Why does Australia import blood products?
Australia is committed to being self-sufficient in its supply of blood and blood products where feasible and this is one of the supporting policy aims of the National Blood Agreement which was signed in 2003 by all Australian governments as part of reforms to the blood sector.
However, it is necessary for Australia to import blood and blood related products in a range of circumstances. Importing these products helps to:
- address shortfalls in domestic supply and production
- obtain products which are not produced in Australia
- ensure contingency security and supply planning.
This enables all patients in Australia to have access to products when they need them. All this happens within the framework that:
- minimises product safety risks to patients
- ensures affordability of products to the Australian health sector
- recognises the practicalities of production and distribution.
Are imported products safe?
Blood and blood related products supplied in Australia, whether domestic or imported, all meet the same stringent safety and efficacy guidelines set out by the Therapeutic Goods Administration.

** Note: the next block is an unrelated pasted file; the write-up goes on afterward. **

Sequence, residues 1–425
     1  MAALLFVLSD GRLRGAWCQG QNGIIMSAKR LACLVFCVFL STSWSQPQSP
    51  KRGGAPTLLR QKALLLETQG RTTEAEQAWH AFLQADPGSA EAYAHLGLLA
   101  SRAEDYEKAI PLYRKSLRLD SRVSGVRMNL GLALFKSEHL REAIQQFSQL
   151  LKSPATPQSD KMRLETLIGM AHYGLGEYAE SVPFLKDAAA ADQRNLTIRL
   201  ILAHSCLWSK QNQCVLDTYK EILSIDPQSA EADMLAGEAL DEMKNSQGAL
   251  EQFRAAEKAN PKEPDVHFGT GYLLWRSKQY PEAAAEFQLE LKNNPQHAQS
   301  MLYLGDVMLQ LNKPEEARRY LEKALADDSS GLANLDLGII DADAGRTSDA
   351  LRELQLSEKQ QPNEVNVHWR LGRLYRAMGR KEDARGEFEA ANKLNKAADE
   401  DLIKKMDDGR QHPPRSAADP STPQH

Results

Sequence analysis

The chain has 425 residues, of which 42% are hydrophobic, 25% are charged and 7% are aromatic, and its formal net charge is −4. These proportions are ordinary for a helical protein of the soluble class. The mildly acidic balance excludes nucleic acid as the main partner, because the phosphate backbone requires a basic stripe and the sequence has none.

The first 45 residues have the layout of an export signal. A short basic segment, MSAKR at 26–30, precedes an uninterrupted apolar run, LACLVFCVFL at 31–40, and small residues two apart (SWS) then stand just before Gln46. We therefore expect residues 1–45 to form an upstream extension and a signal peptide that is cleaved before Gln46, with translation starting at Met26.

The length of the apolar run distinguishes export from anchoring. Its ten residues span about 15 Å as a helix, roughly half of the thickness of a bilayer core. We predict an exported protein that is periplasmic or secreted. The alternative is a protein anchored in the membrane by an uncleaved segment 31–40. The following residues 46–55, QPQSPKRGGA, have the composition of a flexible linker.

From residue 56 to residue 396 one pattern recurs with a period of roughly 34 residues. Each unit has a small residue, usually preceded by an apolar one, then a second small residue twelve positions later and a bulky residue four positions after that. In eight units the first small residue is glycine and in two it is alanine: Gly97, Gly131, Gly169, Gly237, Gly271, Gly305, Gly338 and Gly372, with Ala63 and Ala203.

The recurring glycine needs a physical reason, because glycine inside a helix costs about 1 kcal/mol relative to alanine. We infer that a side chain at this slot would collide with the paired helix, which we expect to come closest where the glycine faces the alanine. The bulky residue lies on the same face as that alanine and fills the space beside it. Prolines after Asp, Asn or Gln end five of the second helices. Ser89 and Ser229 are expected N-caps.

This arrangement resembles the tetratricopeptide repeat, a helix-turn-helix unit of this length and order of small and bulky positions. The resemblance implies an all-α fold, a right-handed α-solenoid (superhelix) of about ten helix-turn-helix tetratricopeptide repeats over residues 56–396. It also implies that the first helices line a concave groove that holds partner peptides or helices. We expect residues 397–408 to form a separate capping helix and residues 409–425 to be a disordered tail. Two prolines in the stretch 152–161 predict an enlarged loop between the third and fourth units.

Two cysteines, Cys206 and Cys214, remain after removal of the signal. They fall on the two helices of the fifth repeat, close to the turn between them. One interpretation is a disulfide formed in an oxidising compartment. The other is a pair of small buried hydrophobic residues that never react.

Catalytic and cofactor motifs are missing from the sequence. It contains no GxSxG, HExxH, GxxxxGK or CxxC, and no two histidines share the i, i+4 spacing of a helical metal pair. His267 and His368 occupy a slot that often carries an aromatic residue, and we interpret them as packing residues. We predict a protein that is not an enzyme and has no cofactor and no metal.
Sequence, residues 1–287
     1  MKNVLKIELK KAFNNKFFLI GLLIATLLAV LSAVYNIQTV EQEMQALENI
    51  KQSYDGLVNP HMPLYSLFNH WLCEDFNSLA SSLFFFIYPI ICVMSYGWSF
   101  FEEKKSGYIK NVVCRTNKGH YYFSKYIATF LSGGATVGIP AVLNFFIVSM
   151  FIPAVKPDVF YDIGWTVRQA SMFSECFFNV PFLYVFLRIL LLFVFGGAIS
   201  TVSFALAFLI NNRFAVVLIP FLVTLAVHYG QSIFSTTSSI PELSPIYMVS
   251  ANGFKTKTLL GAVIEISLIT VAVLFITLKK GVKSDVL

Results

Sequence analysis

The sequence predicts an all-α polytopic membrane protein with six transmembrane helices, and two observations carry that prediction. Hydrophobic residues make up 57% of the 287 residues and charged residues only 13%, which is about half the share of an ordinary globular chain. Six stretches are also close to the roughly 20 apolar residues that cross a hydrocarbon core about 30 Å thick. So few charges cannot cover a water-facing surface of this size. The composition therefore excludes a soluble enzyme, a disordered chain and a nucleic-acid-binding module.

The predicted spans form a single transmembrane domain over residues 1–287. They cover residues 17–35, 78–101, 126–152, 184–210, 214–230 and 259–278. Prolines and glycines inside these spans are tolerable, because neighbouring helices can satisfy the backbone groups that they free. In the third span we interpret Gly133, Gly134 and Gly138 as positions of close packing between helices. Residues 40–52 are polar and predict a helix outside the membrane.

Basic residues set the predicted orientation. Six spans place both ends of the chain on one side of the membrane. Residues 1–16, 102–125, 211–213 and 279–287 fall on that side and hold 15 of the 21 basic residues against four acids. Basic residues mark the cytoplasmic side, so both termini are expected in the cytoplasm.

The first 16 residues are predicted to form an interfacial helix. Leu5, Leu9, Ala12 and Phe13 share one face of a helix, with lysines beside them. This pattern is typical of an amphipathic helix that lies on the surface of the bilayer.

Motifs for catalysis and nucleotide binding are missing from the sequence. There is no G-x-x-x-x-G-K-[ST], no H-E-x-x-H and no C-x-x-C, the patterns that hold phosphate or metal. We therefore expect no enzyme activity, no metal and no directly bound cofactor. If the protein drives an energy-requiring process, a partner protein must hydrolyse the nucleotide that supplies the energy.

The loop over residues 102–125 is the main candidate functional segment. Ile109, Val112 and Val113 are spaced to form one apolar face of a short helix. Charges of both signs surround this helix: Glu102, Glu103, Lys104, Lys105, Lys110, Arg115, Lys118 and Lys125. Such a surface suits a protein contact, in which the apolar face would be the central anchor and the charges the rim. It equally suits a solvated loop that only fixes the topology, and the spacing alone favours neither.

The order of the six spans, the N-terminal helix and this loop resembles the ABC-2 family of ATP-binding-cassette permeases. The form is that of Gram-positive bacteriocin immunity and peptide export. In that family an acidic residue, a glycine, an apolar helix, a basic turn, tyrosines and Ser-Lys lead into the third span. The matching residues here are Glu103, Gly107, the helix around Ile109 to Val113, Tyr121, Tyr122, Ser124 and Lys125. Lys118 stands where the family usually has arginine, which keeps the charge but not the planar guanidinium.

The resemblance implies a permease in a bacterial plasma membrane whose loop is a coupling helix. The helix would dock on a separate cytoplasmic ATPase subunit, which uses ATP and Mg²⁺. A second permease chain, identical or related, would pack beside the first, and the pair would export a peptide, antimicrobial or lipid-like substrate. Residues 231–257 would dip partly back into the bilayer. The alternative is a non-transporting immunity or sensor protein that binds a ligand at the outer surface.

Importing products to meet demand
For some products, demand exceeds domestic supply in Australia. For example, Australia’s requirements for intravenous immunoglobulin (IVIg) are largely met through products made from Australian blood donations and manufactured in Australia by CSL Limited. In addition, the NBA also contracts for the supply of imported IVIg products because the amount of IVIg which is manufactured in Australia does not meet all requirements.
Importing products not produced in Australia
The NBA contracts for the importation of a range of plasma-derived and recombinant (genetically engineered) products, which are largely used for the treatment of haemophilia, as these products are not produced in Australia.